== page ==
Unless you've been living under a rock, you're aware of the damage inflicted by Hurricane Sandy over the past several days. From the Caribbean, Sandy veered north-northeast, paralleling the U.S. coastline until it encountered a strong high pressure system which, in conjunction with the alignment of the jet stream, forced the hurricane's path to the west. Sandy ravaged the mid-Atlantic states ~ the DelMarVa Peninsula, eastern Pennsylvania, New Jersey, New York City, Long Island, and Connecticut. A record storm surge sent floodwaters far inland, flooding NYC traffic tunnels and the subway system, knocking out power, and forcing the cancellation of AMTRAK trains, and many thousands of airline flights from major airports.
Here you will find a collection of 285 images of the storm's effect, courtesy of The Weather Channel.
In spite of the hyperbole being heaped upon Sandy's size and strength, as hurricanes go, the storm wasn't really monumental. It just happened to make landfall at the most densely populated stretch of coastline on the eastern seaboard. At least 70 million people live within a 200-mile radius of NYC. So the effect on human lives was magnified tremendously.
In Charleston, SC, I experienced a much more powerful hurricane in September 1989 ~ Hurricane Hugo. Hugo's tracked so precisely that the center of the hurricane's eye passed over the Charleston suburb of Mount Pleasant, where I lived. My then-wife and I had evacuated inland, and upon our return three days later, the damage we encountered was heart-breaking. Large beachfront houses were either demolished or carried off their foundations, coming to rest hundred of yards away. The storm surge demolished a bridge connecting the mainland to the barrier islands, and scattered fishing and pleasure boats far inland. Thankfully our house was spared all but superficial damage.
But here is the central difference (in my mind) between Sandy and Hugo. Where Sandy's impact was on humans, Hugo's was on the natural world. A huge swath of the Francis Marion National Forest was flattened, all the downed trees pointing away from the wind. I spend the following year working for the US Forest Service, doing habitat restoration for the endangered Red-Cockaded Woodpecker. But that's another story.
If a storm of Hugo's compact ferocity had hit New York City, the damage could have been orders of magnitude more severe. To give you an idea why I say that, consider the following ~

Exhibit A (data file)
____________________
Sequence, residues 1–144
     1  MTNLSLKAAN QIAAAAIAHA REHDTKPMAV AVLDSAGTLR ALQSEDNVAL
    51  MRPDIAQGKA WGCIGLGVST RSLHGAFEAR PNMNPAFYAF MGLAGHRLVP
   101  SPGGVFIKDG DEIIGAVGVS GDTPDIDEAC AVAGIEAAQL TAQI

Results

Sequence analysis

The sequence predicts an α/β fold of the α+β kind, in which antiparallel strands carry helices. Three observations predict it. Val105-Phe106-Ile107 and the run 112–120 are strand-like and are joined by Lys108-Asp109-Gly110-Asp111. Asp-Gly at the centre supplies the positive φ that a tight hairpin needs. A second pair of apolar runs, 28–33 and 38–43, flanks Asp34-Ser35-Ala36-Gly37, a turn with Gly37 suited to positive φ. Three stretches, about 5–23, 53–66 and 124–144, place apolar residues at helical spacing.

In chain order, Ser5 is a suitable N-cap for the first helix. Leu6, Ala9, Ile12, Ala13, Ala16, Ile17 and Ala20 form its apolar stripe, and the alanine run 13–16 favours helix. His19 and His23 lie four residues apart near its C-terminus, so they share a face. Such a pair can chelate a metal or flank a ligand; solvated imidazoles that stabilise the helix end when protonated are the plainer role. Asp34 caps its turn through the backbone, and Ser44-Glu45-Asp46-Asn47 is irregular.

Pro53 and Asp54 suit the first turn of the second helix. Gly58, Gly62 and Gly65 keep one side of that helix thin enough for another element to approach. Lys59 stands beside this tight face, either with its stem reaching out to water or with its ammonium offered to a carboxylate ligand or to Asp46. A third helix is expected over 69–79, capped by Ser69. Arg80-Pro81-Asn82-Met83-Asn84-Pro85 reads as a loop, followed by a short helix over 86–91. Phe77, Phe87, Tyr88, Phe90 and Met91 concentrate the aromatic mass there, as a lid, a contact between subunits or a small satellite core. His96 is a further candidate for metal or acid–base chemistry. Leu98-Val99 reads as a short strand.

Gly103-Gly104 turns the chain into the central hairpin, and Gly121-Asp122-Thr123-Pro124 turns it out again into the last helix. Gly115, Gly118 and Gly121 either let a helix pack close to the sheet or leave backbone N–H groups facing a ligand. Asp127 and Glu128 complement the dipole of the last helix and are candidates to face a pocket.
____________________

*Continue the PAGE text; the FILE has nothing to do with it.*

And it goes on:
- Sandy was a large-diameter storm, 1000 miles wide. Hugo was perhaps half that size.
- Sandy's winds barely qualified it as a hurricane ~ 70 mph with gusts to 90 mph. Hugo's winds were more intense ~ 140 mph with gusts to 160 mph.
- Sandy's storm surge never exceeded 14 feet. Hugo's topped 20 feet.
- The overland speed of Sandy was relatively slow, meaning that the storm had more time to dump rain as it passed, contributing to flooding. Hugo's overland speed was faster, meaning that while it, too, caused flooding, the wind damage was significantly more severe.
So while residents in the region up- and down-coast from New York City have bragging rights for many billions of dollars of damage from high winds and flooding, and the interruption of millions of human lives, their plight might have been much worse if Sandy had resembled Hugo. I am in no way being flip when I suggest that New Yorkers got off easier than they might think. If Sandy had been Hugo, the width of the hurricane's path would have been narrower, but the intensity of the damage done would have been correspondingly greater.
Having survived without electricity for several weeks after Hugo, and having helped with the clean-up, I'm confident that the people of PA, NJ, and NY will rebound, especially with the assistance of repair crews from all across the nation. Some subway trains are already running, several of the major airports are already back in scaled-down service, and power will be restored quickly, precisely because so many people are affected.
Taking a longer view, climatologists have long warned us that one effect of global warming is more frequent, more severe tropical storms. There's one factor which may intensify this trend even further ~ the melting of the polar ice caps. Global weather is a complex, interwoven web of events ~ some atmospheric, some oceanic, some terrestrial. Here is one writer for Scientific American who proposes a direct link between climate change and Hurricane Sandy. And here is another writer on video, proposing that we must view Sandy as a wake-up call.
These views and voices are not new to me. In the 1980s as I pursued my degree in Ecology and Evolutionary Biology at the University of Arizona, many scientists and scholars were issuing warnings about incipient global warming due to greenhouse gases, about the degradation of wild habitat and the extinction of many species, and about the deleterious effects of human overpopulation. Guess what, folks ~ the future is here.